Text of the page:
I think I'm going to dedicate my summer to exploring in greater depth the Portland food cart culture - what a yummy way to spend the summer!

Jim Shepard is the author of six novels and four story collections. His previous collection, Like You'd Understand Anyway, won the 2008 Story Prize and was nominated for a National Book Award. His stories are published regularly in such publications as The New Yorker, The Atlantic, McSweeney's, Tin House, and Zoetrope: All-Story, among others. In his newest collection, You Think That's Bad, Shepard offers us an even more wildly diverse collection of astonishingly observant stories. Like an expert curator, he populates the vastness of human experience—from its bizarre fringes and lonely, breathtaking pinnacles to the hopelessly mediocre and desperately below average—with brilliant scientists, reluctant soldiers, workaholic artists, female explorers, depraved murderers, and deluded losers, all wholly convincing and utterly fascinating.

One reviewer described Shepard as a writer who "thinks big and writes short," whose short stories "do the work of entire novels in capturing different places and times." And the author Richard Ford says that "His instinct around a sentence is virtuosic and masterful." In an article about writing, Shepard wrote, "We need to do everything we can, when writing, to stay in touch with pleasure. With fun. With the passionate engagement that we all manage, as children. Not only because that will keep us going but also because it will generate the freedom and the energy that allow us to exhilarate ourselves, and so exhilarate others." He lives in Willamstown, Massachusetts, where he teaches at Williams College and in the Warren Wilson MFA program.

On Thursday it's time once again for our monthly reading series Comma, hosted by Kirsten Rian. This month we are honored to welcome Oregon authors Molly Gloss (Portland) and Bette Lynch Husted (Pendleton). Gloss, a fourth-generation Oregonian, is the author of five novels, the most recent being The Hearts of Horses. Her writing has won numerous awards, locally and nationally. She says her life of writing began with motherhood: "I might have become a writer eventually without first having become a mother, but it's hard for me to imagine it."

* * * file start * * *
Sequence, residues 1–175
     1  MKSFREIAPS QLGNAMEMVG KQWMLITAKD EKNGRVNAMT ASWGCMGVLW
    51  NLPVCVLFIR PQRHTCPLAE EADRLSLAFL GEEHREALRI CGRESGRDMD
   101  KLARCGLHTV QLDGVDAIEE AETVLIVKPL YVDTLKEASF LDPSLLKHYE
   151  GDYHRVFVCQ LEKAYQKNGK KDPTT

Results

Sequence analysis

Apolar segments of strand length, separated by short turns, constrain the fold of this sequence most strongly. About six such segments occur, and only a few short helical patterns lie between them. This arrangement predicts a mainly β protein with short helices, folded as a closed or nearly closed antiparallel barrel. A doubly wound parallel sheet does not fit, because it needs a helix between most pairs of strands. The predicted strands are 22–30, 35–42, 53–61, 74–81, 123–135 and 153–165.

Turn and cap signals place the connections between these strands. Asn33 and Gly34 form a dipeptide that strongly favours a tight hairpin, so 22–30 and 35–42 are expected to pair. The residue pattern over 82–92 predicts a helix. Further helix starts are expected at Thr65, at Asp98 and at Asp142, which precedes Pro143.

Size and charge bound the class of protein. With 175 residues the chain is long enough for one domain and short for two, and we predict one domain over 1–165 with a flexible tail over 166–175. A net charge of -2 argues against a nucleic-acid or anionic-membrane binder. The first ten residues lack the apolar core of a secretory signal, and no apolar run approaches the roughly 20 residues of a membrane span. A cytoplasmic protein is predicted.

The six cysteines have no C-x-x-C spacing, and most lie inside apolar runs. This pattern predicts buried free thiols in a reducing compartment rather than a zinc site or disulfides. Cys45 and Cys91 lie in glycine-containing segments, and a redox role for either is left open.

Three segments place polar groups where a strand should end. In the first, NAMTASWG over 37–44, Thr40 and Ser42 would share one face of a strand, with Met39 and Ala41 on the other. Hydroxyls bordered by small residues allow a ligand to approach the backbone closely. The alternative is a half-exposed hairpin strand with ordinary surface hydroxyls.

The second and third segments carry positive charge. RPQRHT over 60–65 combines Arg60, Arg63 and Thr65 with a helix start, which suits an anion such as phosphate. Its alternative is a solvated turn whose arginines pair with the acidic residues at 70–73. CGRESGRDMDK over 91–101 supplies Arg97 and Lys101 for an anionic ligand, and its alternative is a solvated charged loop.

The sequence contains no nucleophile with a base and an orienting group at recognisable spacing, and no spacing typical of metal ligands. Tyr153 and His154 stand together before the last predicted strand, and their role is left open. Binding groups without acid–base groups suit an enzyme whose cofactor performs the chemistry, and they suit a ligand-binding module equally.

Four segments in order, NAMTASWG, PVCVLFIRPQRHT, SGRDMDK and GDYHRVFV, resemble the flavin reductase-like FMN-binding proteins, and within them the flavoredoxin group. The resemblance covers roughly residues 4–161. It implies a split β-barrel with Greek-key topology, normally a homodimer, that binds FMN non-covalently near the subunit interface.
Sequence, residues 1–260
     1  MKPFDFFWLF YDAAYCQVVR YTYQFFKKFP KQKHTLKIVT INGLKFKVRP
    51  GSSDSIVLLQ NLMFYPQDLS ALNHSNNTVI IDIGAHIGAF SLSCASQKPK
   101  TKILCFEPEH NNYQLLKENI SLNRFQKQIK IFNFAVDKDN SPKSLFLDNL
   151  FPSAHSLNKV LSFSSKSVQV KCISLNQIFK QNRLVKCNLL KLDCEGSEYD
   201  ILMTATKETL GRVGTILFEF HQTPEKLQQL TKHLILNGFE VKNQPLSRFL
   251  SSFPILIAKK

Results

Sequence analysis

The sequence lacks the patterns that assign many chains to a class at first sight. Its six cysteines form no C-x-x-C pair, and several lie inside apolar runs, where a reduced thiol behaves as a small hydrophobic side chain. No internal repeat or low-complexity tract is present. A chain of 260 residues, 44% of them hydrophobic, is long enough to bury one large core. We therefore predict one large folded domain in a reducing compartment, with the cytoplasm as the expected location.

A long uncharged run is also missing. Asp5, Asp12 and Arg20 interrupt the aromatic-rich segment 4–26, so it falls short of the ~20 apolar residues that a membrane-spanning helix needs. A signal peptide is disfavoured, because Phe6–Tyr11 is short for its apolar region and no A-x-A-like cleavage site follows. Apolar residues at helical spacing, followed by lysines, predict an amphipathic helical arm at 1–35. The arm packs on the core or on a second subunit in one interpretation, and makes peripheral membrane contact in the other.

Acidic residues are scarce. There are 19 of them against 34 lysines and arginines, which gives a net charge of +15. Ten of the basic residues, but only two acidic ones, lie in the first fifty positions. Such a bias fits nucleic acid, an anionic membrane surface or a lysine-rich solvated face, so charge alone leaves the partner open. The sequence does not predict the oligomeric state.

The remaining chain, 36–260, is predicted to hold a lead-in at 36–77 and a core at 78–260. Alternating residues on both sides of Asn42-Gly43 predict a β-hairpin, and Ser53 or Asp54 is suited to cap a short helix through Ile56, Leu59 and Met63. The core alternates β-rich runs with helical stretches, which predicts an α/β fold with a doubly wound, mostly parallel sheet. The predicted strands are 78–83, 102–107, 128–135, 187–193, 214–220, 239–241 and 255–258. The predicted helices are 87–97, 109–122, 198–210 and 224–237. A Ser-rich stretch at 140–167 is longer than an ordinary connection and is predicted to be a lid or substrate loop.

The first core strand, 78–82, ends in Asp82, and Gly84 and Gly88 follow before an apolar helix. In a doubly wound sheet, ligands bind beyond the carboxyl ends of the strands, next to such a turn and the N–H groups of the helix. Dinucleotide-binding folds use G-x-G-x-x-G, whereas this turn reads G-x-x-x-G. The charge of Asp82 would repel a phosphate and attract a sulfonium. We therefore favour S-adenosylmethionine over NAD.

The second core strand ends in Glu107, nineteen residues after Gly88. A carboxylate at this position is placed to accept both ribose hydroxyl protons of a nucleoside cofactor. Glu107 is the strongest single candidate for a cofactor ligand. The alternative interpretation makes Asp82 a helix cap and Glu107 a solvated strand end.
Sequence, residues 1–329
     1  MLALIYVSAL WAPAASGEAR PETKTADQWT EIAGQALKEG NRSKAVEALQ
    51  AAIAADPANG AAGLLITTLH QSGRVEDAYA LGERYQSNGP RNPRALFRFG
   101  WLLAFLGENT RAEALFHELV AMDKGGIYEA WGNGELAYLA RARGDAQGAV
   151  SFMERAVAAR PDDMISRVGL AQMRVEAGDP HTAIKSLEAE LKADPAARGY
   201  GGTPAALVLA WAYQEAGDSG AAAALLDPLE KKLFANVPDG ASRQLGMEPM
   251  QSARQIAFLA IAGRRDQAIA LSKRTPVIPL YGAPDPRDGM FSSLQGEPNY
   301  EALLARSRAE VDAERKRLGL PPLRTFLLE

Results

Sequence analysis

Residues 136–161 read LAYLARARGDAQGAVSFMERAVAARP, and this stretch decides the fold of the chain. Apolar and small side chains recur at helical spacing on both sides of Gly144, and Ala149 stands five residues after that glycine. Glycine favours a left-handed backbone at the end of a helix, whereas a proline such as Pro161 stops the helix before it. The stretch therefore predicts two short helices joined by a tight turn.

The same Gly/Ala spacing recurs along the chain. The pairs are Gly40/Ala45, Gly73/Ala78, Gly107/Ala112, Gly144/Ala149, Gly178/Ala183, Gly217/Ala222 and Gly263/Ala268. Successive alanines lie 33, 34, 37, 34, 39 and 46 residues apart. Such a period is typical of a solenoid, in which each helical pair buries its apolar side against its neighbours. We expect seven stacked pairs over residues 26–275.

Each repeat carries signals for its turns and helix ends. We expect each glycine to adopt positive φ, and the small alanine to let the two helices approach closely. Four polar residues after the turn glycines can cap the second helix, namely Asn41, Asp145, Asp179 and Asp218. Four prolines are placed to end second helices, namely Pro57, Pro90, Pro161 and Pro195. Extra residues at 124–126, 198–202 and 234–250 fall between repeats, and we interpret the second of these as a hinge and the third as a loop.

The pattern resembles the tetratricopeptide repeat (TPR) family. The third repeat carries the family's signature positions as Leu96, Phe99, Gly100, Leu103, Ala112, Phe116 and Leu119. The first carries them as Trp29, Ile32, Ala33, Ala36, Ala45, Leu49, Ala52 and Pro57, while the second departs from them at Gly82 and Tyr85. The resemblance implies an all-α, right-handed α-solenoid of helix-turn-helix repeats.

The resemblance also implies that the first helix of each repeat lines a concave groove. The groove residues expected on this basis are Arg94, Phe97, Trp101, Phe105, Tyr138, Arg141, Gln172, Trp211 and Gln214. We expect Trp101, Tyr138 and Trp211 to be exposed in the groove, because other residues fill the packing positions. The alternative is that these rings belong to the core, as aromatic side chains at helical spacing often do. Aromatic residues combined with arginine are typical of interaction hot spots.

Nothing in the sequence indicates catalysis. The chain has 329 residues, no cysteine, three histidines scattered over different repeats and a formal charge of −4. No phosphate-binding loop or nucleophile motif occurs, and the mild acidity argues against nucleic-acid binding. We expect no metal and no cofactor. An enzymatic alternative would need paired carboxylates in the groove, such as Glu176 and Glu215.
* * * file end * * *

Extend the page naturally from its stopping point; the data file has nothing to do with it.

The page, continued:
Husted's stories, essays, and poems have appeared in numerous journals and anthologies, including Northern Lights, Northwest Review, Fourth Genre, and Best Essays NW. She is the author of a collection of memoir essays (Above the Clearwater: Living on Stolen Land) published in 2004 and a full-length collection of poems (At This Distance) published in 2010. In an interview, Husted said personal essays and poems aren't as different as they might seem: "Of course, poetry is more condensed -- like freeze-dried backpacking food, I used to tell students, a poem offers the crystallized essence, and the reader's mind adds the water."

Each of the writers at the Comma event will read from current work and engage in dialogue with each other and with the audience about their writing.

Pick one or two or come to all three -- it's a great week of literary entertainment at Broadway Books!

The Passage in Paperback Today!

Justin Cronin's blockbuster bestselling novel The Passage goes on sale in paperback today. The book, the first in a trilogy, is a sci-fi end-of-the world vampire-laced thriller. Cronin is an award-winning author of literary fiction (The Summer Guest, Mary and O'Neil, etc), a graduate of the Iowa Writer's Workshop, and a professor of English at Rice University in Houston. Needless to say, this book was a bit of a departure from his previous writings. "With every book I write I always want to do something different," the author says. But the real inspiration for The Passage was his eight-year-old daughter, an avid reader way beyond her age level, who told him she was afraid his books were boring. Not that she'd actually read his previous books; her judgement was based on the book covers and jacket flaps. She suggested that Dad write about a girl who saves the world. And with that the seed was planted.